Rare blue supermoon to brighten the sky on Wednesday night

As WDIO reported on August 1, stargazers are in for a special treat as we close out the month of August. We will see a rare blue Supermoon on Wednesday night. It is the second full moon of the month. The first full moon was on August 1, which was also called the Sturgeon Moon.

Wednesday’s supermoon is considered the blue moon because it is the second full moon of the month. It’s called a supermoon because it’s closer to Earth than usual, appearing especially big and bright.

According to scientists, this will be the closest full moon of the year, just 222,043 miles (357,344 kilometers) or so away. That’s more than 100 miles (160 kilometers) closer than the Aug. 1 supermoon.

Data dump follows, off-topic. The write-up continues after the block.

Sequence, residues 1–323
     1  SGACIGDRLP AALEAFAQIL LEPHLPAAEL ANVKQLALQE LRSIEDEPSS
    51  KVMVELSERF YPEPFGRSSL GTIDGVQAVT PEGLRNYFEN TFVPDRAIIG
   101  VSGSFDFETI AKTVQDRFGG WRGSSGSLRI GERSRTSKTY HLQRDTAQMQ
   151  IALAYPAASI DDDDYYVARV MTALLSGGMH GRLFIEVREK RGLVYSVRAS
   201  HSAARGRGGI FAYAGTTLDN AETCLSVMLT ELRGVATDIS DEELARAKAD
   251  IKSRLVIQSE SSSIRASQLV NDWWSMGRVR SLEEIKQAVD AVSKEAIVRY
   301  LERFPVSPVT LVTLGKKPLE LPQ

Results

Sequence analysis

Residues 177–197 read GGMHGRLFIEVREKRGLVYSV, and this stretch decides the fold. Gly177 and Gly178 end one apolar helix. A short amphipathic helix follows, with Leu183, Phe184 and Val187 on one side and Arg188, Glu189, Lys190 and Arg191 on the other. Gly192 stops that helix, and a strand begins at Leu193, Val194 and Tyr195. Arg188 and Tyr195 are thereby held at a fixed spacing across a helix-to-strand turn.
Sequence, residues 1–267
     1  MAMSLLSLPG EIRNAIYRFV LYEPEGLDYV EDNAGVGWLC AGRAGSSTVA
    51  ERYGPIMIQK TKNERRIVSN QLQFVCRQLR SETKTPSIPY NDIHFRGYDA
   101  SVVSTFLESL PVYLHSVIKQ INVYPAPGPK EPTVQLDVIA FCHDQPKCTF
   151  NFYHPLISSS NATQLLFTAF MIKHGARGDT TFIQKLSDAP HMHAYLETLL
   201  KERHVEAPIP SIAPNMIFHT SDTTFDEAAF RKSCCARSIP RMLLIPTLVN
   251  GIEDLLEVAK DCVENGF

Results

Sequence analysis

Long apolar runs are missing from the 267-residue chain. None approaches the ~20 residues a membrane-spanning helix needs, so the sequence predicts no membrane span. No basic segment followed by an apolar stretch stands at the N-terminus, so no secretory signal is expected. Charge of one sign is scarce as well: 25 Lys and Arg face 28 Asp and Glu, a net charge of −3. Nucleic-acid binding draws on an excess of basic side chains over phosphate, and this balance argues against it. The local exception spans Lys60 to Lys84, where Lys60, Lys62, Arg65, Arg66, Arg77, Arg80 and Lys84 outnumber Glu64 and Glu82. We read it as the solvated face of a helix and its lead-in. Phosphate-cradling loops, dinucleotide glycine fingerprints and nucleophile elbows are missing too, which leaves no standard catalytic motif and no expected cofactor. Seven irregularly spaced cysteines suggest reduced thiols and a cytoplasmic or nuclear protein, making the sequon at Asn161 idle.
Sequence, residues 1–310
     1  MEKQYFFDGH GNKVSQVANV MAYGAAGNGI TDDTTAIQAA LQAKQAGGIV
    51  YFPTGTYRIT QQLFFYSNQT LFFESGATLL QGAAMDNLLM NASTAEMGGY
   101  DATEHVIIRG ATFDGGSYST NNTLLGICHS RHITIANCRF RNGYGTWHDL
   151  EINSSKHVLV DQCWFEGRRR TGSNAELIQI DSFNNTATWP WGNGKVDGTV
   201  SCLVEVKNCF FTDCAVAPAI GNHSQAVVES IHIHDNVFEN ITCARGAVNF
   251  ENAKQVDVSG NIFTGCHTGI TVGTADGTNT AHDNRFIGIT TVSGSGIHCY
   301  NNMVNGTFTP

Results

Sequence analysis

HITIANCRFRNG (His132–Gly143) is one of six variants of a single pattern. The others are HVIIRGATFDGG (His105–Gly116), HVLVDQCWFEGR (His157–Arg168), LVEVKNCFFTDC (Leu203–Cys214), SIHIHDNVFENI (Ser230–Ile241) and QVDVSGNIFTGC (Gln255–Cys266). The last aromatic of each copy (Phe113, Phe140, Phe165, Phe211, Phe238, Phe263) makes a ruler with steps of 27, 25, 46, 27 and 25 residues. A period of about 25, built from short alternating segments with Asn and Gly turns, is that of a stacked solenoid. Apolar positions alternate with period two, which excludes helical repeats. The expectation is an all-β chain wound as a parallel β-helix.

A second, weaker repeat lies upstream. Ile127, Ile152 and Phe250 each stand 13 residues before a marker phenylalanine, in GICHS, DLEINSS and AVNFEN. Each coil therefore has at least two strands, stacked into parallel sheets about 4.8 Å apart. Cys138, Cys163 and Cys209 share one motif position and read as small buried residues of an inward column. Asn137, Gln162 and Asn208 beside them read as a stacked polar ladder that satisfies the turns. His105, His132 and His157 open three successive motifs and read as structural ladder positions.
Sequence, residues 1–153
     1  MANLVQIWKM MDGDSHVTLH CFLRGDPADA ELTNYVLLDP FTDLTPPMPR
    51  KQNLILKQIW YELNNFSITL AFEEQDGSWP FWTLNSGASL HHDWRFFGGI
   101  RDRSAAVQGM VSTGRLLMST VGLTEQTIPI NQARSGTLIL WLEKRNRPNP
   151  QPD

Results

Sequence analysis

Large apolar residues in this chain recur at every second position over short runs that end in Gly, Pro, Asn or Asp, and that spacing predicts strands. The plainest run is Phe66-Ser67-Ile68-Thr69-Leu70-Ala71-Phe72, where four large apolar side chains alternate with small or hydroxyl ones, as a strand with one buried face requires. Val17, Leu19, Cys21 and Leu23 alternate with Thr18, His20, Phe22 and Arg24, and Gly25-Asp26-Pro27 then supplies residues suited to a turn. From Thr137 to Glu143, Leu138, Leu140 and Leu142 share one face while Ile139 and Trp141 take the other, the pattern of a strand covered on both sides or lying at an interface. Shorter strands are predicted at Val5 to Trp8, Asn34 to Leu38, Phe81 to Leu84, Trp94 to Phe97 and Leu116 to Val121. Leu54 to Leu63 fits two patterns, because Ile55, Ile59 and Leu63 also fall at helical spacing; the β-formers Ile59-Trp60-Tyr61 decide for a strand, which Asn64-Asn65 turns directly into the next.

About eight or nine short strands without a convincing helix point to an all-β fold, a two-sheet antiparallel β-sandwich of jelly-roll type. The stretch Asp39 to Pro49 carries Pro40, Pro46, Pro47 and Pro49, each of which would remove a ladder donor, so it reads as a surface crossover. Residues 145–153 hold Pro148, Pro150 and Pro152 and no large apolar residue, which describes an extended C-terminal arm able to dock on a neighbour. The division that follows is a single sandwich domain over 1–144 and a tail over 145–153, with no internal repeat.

Saturn will be visible as a bright point 5 degrees to the upper right of the moon at sunset in the east-southeastern sky, according to NASA. The ringed planet will appear to circle clockwise around the moon as the night wears on.

If you missed the month’s first spectacle, better catch this one. There won’t be another blue supermoon until 2037, according to Italian astronomer Gianluca Masi, founder of the Virtual Telescope Project.

Weather permitting, observers don’t need binoculars or telescopes — “just their own eyes.” said Masi.

The first supermoon of 2023 was in July. The fourth and last will be in September.